Alright, here's a follow-up to the recent map of vacant housing rates according to the 2010 US Census. This map compares the vacant housing rates from 2000 to the newer data of 2010; the difference between these two proportions is mapped here:
Post Scriptum: There was a lot of interest (as far as this blog's level of activity goes) around what in the world a vacant house actually is. The gut reaction for many folks, including myself, was that vacancy is a pretty clear indicator of economic decline -shuttered houses left to rot. BUT, mixed in with that very real set of feral houses are houses that are vacant because times are good: vacation or seasonal homes whose owners happened to be occupying some other abode at the time of census canvasing (you can, after all, only be in one place at a time). Also, there is the more neutral condition of a home that is about to be moved into. I found this crusty old PDF to be the best description yet.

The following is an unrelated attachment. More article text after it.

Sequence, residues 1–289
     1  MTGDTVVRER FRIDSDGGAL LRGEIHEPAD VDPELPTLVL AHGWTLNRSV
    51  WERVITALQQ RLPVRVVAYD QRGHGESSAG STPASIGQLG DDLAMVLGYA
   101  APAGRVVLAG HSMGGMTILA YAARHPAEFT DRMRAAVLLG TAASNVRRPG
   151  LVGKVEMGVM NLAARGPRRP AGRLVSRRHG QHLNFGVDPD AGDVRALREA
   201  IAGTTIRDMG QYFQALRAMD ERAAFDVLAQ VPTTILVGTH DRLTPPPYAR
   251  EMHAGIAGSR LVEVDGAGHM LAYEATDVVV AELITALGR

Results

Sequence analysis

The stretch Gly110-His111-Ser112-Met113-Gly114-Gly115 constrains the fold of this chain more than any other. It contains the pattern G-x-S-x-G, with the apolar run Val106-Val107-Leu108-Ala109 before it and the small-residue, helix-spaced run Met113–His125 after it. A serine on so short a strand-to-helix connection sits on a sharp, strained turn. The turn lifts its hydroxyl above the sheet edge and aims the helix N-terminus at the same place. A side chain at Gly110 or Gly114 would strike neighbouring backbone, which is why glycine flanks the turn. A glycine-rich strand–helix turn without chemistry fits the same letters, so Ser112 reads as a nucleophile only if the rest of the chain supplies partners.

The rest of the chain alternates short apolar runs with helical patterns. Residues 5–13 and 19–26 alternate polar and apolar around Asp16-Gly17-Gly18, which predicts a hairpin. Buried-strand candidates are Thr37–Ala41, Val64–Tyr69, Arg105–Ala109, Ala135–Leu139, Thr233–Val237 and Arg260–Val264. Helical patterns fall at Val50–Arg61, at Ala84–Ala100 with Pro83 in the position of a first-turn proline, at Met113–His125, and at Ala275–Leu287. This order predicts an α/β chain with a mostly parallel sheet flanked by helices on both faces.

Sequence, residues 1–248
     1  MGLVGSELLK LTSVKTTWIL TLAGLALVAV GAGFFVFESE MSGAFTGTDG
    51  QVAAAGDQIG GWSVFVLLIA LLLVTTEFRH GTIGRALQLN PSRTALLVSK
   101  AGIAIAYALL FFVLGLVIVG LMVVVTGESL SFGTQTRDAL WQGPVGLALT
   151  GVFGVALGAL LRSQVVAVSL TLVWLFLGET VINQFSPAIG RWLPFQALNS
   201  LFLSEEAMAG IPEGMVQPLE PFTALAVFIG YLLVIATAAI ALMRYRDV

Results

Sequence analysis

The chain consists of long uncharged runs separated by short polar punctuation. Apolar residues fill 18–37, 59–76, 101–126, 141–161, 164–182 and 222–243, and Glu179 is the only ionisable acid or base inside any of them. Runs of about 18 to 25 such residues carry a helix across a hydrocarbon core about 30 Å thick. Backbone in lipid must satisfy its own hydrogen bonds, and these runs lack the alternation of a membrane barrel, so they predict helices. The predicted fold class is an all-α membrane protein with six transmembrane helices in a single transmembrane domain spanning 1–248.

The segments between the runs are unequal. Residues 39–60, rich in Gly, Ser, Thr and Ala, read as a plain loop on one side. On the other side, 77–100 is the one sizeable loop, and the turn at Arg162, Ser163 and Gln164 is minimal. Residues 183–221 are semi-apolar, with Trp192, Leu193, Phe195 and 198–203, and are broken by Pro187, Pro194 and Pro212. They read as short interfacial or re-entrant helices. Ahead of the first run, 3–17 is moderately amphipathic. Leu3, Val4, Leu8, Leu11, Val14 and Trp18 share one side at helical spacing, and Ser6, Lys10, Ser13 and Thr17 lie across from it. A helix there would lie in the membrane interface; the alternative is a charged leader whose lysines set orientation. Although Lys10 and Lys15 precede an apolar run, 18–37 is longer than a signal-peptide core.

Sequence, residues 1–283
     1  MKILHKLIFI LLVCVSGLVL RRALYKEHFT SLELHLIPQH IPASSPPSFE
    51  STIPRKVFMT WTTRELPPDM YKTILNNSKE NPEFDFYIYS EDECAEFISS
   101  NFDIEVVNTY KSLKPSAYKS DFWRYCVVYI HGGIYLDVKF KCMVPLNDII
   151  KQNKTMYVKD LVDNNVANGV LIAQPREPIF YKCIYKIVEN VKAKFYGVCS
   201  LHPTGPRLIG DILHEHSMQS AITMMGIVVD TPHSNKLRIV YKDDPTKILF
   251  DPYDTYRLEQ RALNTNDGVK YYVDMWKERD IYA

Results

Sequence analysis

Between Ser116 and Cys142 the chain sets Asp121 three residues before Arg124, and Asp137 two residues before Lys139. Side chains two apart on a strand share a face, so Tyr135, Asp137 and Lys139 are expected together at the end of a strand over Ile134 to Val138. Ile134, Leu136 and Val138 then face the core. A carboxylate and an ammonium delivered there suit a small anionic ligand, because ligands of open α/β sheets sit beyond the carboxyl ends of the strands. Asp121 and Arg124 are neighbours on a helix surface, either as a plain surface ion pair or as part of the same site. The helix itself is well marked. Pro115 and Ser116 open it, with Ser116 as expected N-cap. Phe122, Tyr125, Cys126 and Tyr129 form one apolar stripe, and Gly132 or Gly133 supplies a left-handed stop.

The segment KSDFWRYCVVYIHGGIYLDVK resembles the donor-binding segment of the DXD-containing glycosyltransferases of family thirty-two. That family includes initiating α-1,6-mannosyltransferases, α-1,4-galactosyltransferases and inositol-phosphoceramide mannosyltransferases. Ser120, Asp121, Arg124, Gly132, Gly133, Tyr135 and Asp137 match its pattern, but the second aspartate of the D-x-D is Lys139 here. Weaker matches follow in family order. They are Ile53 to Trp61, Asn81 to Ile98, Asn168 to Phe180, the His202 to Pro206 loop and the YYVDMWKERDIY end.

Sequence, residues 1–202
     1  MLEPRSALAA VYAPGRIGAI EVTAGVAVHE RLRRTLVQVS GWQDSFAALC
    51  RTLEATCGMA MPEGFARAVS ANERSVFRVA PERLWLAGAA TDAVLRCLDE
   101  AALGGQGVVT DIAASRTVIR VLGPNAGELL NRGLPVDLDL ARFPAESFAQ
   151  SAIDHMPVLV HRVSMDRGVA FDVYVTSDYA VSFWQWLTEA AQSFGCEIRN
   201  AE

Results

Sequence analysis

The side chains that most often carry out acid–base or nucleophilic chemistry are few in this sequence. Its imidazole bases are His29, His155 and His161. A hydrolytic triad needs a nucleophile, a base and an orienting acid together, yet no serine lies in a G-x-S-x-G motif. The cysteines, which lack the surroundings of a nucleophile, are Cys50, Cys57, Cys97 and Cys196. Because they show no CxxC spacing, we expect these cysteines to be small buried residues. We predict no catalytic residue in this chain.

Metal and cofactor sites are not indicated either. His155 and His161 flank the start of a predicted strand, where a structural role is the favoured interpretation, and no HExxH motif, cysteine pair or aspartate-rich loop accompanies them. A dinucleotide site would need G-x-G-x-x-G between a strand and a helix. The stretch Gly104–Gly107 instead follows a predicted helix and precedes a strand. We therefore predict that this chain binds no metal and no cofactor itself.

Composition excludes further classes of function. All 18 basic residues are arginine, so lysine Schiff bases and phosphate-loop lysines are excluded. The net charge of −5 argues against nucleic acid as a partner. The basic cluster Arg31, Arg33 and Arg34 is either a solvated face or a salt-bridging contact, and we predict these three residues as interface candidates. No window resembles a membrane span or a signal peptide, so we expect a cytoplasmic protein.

So, the characteristic of these houses is pretty broad and not necessarily negative. But whatever the reason, they were deemed vacant -and this is a map of that deeming which you can take for whatever it is worth.
Double Post Scriptum: It sure would be great to find a clear, unified, un-obfuscated set of HVS data for counties, in order to break these phenomena out.